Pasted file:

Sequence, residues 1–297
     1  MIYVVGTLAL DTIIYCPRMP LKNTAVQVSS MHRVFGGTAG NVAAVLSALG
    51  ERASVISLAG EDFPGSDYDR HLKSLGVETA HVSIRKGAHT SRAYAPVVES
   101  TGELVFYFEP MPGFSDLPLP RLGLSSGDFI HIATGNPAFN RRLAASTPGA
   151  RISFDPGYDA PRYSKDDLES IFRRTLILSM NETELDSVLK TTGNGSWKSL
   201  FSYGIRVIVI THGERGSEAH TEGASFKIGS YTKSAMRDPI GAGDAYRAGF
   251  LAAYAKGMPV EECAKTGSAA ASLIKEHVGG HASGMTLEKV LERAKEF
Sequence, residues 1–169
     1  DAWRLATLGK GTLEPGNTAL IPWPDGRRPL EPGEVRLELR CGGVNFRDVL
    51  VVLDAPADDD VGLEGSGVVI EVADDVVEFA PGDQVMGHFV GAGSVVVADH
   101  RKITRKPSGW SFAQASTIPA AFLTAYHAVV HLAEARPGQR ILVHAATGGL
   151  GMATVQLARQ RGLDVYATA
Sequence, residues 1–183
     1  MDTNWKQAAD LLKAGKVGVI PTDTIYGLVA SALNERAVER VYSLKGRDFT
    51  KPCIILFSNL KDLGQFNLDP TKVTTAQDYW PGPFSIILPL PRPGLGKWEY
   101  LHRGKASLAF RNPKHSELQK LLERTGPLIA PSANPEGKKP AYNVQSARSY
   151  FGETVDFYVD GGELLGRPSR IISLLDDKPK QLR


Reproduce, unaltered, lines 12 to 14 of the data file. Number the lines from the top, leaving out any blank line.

   151  GMATVQLARQ RGLDVYATA
Sequence, residues 1–183
     1  MDTNWKQAAD LLKAGKVGVI PTDTIYGLVA SALNERAVER VYSLKGRDFT